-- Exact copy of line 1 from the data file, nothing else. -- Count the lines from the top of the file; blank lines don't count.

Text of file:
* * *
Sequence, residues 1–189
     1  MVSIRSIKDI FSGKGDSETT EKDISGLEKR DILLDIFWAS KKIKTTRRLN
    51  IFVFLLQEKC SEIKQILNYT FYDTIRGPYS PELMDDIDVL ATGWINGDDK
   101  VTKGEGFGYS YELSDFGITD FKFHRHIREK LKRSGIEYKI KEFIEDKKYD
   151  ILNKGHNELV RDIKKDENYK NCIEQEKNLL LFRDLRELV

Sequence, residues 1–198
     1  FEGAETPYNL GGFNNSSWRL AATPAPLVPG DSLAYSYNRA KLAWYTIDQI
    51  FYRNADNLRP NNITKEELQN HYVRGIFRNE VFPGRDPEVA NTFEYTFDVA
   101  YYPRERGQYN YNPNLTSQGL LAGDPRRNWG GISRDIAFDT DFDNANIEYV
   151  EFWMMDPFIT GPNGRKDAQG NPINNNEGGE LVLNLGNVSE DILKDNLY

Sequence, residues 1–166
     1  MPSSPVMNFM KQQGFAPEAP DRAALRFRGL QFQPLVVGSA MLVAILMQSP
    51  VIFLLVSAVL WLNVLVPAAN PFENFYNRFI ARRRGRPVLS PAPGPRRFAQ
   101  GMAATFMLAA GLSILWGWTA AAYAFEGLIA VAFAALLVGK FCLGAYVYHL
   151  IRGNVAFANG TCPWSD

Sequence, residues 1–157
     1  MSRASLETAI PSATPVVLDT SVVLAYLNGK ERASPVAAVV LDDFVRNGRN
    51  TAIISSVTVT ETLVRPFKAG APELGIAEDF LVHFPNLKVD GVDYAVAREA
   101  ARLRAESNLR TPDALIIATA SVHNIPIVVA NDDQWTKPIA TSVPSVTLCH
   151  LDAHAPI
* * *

Sequence, residues 1–189